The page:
The UK’s Consumer and Market Authority has announced that it will take actions against secondary ticketing sites that it says have violated consumer protection laws. The CMA has stated that they “will be acting to address a failure by one website to comply fully with formal commitments it had previously given to improve the information provided about tickets advertised on its site.”

According to BBC, GetMeIn and Seatwave said they have complied with the law since November of 2016. StubHub UK and Viagogo are the other two resale companies being investigated by the consumer watchdog organization.


CMA Chief Executive Andrea Coscelli said in the announcement “Secondary ticketing websites can offer an important service – by allowing people the chance to buy tickets at the last minute or giving them a chance to re-sell tickets they can no longer use. But our investigation has identified concerns that the law protecting consumers is being broken.”

In 2015, the CMA requested that resale sites StubHub UK, Viagogo, GetMeIn, and Seatwave provide consumers with adequate information to purchase tickets to live events. The following year, the CMA launched an enforcement investigation when at least one of the four sites was not cooperating with the specified guidelines that included informing the buyer who the seller is, any connections the seller may have with the platform or event organizers, whether there are any restrictions on the use of resold tickets which could result in the person being denied access to the event, and where a seat is located in the venue.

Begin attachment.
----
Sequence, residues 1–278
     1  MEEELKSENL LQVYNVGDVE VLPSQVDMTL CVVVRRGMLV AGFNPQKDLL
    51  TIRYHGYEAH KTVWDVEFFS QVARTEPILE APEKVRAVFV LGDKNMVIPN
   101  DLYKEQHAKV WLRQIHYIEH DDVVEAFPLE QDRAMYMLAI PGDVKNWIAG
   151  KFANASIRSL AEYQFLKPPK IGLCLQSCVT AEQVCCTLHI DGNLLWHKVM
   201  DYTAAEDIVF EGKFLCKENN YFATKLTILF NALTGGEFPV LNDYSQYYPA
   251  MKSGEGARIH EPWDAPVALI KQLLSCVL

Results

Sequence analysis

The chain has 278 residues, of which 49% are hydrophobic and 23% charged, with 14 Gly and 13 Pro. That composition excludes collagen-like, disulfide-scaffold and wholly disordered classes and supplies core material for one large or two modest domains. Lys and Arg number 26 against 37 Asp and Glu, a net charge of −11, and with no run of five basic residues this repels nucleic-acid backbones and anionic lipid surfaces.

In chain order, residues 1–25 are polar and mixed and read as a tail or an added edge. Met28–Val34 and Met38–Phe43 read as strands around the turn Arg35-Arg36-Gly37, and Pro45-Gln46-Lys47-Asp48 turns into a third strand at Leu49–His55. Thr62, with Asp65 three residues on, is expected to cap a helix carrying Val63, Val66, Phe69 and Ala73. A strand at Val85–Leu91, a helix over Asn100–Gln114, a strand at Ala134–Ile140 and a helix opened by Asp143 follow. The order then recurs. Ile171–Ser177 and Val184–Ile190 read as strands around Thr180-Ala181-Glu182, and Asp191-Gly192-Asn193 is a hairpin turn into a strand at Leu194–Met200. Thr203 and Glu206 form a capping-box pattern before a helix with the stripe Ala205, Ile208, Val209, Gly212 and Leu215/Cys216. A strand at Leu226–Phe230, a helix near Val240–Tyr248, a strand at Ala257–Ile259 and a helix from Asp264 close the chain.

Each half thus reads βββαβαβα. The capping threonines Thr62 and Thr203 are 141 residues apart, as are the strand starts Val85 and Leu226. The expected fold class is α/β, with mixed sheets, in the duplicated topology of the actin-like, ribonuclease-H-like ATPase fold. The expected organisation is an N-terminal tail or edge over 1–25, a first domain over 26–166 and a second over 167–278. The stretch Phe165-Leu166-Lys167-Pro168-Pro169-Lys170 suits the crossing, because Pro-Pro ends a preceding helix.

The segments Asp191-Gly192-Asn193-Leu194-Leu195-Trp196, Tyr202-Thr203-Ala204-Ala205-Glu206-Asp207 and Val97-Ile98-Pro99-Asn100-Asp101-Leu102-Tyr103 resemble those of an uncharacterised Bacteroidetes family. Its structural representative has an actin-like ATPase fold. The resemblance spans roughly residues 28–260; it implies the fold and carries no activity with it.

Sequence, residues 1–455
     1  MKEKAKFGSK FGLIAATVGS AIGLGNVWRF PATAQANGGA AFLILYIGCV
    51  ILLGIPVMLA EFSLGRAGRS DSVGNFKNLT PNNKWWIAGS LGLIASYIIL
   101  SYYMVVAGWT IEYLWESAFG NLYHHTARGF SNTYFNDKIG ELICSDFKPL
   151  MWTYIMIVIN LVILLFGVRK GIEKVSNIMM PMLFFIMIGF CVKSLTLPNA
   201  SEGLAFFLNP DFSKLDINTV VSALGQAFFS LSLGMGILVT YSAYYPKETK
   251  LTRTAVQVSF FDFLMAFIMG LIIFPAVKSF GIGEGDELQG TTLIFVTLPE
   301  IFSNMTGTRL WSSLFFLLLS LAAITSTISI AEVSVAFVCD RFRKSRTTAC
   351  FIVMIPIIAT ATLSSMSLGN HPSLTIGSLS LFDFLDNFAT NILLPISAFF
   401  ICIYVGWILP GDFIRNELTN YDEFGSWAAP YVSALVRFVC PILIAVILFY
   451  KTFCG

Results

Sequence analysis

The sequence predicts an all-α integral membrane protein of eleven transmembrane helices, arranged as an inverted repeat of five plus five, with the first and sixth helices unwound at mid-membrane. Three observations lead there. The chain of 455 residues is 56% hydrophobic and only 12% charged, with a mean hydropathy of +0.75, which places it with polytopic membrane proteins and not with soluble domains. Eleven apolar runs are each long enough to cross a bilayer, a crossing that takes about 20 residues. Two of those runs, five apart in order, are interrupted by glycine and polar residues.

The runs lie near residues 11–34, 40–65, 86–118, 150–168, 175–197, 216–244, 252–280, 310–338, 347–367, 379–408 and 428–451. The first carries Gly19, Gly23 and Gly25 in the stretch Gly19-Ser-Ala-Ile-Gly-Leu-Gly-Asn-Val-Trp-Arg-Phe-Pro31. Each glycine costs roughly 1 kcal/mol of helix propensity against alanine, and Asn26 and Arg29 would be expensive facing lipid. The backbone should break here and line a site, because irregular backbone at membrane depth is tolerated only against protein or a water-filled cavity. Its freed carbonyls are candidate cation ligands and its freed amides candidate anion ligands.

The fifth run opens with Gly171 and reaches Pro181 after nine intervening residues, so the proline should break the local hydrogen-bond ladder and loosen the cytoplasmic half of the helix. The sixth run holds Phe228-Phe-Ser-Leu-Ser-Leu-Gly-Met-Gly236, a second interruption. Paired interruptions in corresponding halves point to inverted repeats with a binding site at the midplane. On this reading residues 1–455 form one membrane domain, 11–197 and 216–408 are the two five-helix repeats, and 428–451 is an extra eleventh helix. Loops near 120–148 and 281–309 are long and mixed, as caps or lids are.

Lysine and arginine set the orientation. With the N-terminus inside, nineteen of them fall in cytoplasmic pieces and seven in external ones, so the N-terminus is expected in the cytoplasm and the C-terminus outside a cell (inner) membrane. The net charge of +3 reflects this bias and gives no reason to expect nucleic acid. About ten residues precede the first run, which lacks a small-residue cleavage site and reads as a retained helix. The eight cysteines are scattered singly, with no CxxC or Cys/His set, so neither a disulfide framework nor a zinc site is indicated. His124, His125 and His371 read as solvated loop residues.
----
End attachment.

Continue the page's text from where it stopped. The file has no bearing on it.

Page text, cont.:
After a almost year-long investigation that saw the CMA raid the StubHub UK and Viagogo offices, the agency has announced that they have “identified widespread concerns about the information people are given, and gathered evidence which it considers reveal breaches of the law.”

“We are putting our concerns to these websites and will be requiring the changes necessary to tackle them,” said Coscelli. “We will use the full range of our powers to get the right outcome for these sites’ customers – including taking action through the courts if needed.”

Prompted by new information discovered during the investigation, the CMA has broadened its scope to address additional issues consumers face with secondary sites. The additional issues include: pressure selling – whether claims made about the availability and popularity of tickets create a misleading impression or rush customers into making a buying decision; difficulties for customers in getting their money back under a website’s guarantee; speculative selling – where businesses advertise tickets for sale that they do not yet own and therefore may not be able to supply; and concerns about whether the organizers of some sporting events have sold tickets as a primary seller directly through a secondary ticket website, without making this clear to consumers.

The consumer watchdog is requiring the sites to take actions to address these concerns and, according to IQ Mag, will  have a deadline of spring 2018 to comply or risk legal action.

Anti-touting group FanFair Alliance responded to the announcement by stating that “it has taken far too long to get here,” but that the enforcement actions justifies what their community has been campaigning for.

“Beyond suspected breaches of consumer protection law, we believe the largest ticket resale platforms are riddled with bad practice, including speculative ticket listings, pressure selling and collusion with large-scale ticket touts,” the statement reads. The organization added ” If they fail to deliver root-and-branch reforms, we expect the largest resale platforms to face significant consequences.”